continue to do so. However, I think understanding is essential - copying
in the absence of understanding may not be effective. Good luck with your research - we shall look forward to
hearing about your findings!
|"Interesting. I would like to make
some comments - I hope they don't sound too negative, but they will need
to be addressed.
1. The Market
From your replies to some of the comments already posted it sounds as
though you're not yet aiming at the racing market. It seems to me to be
an (unfortunate?) fact that sailing boat development is driven by
racing, with innovations trickling down to the cruising sailor. Since
the transition rig looks as though it contains some sophisticated
engineering (e.g. highly loaded carbon joint components), it is likely
to be expensive. This would not be a problem for racing but for, for
example a sailing canoe for pottering/exploring lakes and rivers (where
I think it would be great), cost and complexity may be a problem. If I
could build a small, 6 sq m Transition rig from bamboo and plastic
tarpaulin for a canoe that I could repair myself, I would be greatly
encouraged. I suspect the market for non-racing, expensive small sails
to be very limited. Demonstration of a performance advantage in an
appropriate development class (Redwing? Moth?) would, in my view, be the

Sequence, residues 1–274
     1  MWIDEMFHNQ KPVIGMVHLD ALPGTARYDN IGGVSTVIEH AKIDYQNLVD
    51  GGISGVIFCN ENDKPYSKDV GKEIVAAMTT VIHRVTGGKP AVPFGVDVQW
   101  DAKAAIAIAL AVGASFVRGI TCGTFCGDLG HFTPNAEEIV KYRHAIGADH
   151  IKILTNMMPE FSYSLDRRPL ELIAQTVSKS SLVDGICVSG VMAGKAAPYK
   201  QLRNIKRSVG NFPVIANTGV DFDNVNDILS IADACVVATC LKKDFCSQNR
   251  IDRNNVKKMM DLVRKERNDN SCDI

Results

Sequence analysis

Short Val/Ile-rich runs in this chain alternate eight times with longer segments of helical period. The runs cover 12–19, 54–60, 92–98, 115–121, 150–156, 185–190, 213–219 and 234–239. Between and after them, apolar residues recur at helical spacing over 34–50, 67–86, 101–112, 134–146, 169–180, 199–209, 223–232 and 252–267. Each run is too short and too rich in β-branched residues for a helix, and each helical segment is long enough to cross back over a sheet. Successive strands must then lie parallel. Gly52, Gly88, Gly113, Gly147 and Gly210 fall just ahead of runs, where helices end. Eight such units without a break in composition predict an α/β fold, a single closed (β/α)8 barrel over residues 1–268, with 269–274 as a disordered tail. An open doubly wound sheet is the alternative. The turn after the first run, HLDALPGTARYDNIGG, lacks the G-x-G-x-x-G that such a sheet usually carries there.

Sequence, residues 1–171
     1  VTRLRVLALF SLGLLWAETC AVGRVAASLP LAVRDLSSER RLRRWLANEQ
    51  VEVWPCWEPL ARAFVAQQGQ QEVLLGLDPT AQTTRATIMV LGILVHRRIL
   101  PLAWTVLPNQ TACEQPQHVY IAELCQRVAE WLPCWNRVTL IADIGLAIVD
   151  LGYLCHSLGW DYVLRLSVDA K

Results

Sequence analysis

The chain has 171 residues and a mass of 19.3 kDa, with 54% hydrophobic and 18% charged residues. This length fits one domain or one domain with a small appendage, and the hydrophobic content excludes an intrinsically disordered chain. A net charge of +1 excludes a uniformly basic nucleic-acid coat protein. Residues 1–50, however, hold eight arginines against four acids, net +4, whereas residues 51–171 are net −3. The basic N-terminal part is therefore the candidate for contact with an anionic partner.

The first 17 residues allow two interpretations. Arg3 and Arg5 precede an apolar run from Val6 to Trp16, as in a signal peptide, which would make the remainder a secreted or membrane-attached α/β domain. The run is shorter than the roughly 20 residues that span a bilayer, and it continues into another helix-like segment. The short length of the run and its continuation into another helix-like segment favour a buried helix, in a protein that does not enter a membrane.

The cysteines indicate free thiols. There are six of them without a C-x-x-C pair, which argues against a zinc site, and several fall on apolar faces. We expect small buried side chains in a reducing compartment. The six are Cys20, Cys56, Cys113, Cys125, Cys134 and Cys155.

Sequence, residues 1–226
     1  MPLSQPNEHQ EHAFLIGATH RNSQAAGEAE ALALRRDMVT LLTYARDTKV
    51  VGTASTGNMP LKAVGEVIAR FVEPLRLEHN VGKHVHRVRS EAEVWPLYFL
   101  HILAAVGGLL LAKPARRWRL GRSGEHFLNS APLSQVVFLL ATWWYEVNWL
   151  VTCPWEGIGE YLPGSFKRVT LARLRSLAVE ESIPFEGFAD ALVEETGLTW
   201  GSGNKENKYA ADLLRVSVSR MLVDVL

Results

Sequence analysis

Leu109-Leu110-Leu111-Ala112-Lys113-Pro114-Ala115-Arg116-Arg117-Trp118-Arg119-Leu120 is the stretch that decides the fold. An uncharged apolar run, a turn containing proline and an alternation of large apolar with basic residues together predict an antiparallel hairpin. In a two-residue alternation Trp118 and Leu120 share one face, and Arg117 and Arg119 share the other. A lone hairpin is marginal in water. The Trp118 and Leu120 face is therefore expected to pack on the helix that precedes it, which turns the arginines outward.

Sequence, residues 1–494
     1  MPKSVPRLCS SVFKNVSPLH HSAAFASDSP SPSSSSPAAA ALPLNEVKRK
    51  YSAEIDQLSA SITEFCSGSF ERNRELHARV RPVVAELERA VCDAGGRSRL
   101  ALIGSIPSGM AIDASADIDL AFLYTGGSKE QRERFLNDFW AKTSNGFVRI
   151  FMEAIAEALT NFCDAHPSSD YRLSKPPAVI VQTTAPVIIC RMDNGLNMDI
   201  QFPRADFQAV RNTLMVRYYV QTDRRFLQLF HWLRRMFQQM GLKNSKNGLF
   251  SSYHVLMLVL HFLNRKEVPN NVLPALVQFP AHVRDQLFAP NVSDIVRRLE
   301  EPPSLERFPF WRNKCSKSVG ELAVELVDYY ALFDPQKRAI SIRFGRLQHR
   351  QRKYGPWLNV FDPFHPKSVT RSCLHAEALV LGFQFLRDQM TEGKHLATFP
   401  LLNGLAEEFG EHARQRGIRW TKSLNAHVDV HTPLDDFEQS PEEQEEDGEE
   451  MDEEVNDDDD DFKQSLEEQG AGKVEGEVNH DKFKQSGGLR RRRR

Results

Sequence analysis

best way to go.
2. The Concept
is definitely worth pursuing. As some of your correspondents have
indicated, there is a need from the high performance/skiff sailors for a
rig with greater tolerance to wind fluctuations than currently
available. A sail that can give a limited upper heeling moment by
lowering C of E yet increase the forward component of sail force in
gusts is a goal that has so far only been met by variations in sail
twist (and reefing, of course!). The Transition Rig may take these ideas
|Your comment about performance as a
driving force in rig evolution is an important and valid one. We shall
need to pay attention to this factor while developing the transition
rig. However, our market research has shown that the other qualities of
the rig such as adaptability in use and foldability are also of
interest, particularly to less competitive sailors.
We are looking into the possibility of
making simplified versions of the transition rig for smaller-scale
applications such as sailing canoes and kayaks. It would be pleasing to
be able to do this using readily-available materials of the kinds you
have mentioned in order to keep costs down.
|"Been needed for teaching sailing
|"A bit weird - I'm not sure how well
the windsurfer type boom thing would work on a dinghy."
||Whichever boom arrangement is used on
the dinghy version, it has to be able to support the trailing edge of
the sail away from the mast, and also allow the rig to fold when
required. The wishbone-boom currently used works well, but we shall
probably experiment with other types of boom to see if there is a better